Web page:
My good friend and trusted colleague, Colin Galbraith, has a completely unique novella out with Eternal Press called STELLA. It starts out as a straight-up political thriller and takes some fascinating twists and turns along the way. I’ve never read anything quite like it, and highly recommend it.
I interviewed Colin, curious about the origins of some of the twists and turns.
CG:Hi Devon and hello to all your readers! Its great to be on BIBLIO PARADISE again.
DE: The story takes a really fascinating turn from a straight-up political thriller into a supernatural political thriller with strong religious themes. How did that shift occur?
CG: Through the music of the album that inspired it. The original idea came to me through the album of the same name by the pop band, Yello. It involved a pure straight up Cold War theme with spies, mysterious characters in long coats hiding in East European shadows under a full moon. Yet when I began writing, I came to a point where my original idea for a twist at the end of the book wasn’t going to work. Through one of the songs I had a better idea—a paranormal idea—and thus I was moving in another direction.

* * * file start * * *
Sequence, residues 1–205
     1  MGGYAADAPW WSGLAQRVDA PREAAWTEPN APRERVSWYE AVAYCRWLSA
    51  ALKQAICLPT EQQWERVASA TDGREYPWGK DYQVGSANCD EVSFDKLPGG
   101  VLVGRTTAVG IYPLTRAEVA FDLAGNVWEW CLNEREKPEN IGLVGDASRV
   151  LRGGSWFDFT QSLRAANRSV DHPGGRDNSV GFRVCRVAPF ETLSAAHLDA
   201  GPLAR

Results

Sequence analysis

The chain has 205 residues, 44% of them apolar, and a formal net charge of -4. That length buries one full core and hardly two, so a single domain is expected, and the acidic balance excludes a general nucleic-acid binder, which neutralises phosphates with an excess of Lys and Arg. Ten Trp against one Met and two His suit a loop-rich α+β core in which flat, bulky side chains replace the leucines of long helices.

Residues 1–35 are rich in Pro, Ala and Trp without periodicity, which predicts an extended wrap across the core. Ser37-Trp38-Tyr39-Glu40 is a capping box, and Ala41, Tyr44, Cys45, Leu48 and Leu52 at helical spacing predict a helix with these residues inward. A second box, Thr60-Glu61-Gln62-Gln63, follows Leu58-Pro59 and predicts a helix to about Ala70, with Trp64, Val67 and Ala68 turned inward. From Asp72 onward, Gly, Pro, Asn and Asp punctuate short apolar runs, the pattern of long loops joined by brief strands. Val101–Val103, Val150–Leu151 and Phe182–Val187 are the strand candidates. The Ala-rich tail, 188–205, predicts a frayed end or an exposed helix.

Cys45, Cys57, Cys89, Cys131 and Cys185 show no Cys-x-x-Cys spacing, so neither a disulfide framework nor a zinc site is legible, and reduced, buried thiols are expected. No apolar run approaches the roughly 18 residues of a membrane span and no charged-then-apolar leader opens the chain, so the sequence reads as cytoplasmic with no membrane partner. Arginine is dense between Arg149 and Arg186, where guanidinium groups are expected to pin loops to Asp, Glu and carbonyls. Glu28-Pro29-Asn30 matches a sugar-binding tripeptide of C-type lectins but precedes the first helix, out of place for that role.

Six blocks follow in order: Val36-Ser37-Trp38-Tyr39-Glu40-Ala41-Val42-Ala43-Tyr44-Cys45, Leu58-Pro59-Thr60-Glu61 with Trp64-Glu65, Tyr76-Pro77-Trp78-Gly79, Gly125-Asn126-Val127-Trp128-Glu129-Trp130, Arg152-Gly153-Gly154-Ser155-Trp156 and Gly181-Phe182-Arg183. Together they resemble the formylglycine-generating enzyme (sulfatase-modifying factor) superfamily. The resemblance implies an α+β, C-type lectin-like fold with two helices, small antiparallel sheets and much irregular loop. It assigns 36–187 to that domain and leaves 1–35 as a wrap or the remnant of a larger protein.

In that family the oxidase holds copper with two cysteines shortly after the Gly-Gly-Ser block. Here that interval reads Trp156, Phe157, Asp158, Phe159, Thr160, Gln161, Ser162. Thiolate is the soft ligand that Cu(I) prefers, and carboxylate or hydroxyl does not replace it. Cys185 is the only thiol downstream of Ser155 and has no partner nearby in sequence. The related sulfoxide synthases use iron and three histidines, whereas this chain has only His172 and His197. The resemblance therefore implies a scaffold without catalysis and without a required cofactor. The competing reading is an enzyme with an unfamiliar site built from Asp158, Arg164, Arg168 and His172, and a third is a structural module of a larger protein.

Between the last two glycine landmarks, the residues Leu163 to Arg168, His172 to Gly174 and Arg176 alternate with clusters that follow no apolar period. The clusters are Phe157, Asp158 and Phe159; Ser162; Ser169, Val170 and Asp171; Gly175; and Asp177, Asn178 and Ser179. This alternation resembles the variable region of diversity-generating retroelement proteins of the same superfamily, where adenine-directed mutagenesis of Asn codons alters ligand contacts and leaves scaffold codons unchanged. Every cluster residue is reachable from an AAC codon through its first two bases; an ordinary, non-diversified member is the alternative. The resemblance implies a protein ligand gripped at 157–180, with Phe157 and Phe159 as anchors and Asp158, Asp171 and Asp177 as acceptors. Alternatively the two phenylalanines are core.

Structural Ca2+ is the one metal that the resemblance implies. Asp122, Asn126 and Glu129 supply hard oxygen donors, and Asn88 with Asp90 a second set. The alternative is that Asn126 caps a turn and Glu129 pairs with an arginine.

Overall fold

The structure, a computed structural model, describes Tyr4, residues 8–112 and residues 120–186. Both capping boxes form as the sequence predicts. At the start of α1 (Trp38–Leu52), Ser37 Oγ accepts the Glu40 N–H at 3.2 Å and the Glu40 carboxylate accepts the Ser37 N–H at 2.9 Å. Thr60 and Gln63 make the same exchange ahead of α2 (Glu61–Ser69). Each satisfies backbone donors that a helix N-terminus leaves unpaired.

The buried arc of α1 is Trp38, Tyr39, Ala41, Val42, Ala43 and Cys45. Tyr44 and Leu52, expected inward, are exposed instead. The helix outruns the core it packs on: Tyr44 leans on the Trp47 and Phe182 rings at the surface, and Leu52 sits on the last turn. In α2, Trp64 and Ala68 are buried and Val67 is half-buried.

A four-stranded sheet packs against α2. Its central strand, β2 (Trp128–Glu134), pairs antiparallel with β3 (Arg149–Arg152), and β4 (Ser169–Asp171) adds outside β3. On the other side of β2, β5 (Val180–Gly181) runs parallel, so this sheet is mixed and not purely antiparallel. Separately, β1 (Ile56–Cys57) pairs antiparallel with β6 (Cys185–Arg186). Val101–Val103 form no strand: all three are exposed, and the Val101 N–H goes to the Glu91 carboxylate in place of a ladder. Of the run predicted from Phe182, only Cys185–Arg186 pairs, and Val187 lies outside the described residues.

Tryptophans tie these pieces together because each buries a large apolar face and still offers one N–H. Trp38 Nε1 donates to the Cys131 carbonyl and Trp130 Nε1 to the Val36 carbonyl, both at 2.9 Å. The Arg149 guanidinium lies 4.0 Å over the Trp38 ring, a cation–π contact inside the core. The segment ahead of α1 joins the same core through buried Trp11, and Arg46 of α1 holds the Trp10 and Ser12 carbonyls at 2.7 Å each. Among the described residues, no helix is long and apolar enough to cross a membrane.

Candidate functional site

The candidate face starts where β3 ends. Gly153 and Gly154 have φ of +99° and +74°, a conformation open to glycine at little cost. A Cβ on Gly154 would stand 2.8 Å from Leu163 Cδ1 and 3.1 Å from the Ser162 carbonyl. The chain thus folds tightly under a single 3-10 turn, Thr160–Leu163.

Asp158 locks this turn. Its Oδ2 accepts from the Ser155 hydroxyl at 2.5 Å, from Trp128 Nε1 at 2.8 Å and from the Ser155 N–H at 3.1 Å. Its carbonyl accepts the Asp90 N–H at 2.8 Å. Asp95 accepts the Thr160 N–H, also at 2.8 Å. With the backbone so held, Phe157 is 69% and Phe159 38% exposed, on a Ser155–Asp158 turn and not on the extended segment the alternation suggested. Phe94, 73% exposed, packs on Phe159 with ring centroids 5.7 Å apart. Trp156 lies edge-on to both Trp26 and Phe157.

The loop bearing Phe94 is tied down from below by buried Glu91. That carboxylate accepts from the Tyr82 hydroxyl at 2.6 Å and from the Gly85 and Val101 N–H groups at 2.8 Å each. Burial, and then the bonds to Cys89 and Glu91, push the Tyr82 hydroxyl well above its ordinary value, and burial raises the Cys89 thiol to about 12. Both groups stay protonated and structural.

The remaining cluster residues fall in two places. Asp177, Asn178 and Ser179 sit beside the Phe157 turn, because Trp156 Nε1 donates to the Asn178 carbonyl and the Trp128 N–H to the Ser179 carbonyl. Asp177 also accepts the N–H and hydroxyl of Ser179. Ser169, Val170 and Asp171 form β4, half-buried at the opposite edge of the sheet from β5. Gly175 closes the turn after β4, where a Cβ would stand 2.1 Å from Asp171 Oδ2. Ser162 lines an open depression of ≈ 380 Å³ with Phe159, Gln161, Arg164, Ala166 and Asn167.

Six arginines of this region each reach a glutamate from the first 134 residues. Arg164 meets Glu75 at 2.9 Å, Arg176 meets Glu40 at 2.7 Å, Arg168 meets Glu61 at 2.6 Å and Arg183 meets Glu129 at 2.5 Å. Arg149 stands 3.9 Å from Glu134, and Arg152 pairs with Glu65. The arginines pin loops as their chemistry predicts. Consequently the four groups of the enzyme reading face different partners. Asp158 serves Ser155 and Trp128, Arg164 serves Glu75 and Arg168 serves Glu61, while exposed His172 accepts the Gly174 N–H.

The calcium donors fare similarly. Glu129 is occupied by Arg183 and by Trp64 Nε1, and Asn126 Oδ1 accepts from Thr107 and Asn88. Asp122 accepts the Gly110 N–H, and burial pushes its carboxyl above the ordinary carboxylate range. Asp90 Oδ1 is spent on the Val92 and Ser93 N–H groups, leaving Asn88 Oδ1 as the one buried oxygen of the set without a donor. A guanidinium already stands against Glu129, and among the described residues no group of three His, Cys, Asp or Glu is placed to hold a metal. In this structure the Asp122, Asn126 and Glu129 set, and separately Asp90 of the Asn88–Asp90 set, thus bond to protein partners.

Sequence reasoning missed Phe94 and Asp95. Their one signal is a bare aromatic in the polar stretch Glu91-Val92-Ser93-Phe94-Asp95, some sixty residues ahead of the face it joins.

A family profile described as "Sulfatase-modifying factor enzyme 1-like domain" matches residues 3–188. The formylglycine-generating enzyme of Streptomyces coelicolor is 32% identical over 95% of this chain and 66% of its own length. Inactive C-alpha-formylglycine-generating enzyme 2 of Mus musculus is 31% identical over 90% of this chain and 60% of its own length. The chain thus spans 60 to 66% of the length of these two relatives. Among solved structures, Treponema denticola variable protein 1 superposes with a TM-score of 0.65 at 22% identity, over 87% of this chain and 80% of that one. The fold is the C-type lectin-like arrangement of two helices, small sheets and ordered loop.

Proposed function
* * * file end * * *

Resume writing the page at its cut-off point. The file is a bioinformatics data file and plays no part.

Of course, at that point it meant not really knowing how it was all going to end up so I just had to trust my muse and go with it.
DE: How much plotting did you do before you started writing? Was there a point where you had to stop and go back to re-shape material because of where the rest of the story headed?
CG: Because I had the bulk of the plot already ingrained in my mind after 20 years of listening to the album, I didn’t have much plotting to do. The process all started with me writing down the main scenes to see how they would fit the general story line. Then I flushed out the rest of the plot by linking them all up and forming the whole thing into something that was appropriate to my original idea, and that would make a half decent book. It was by far the easiest book I’ve written.
DE: Did you do any research within particular mythologies or cultures as backdrop? If so, which ones?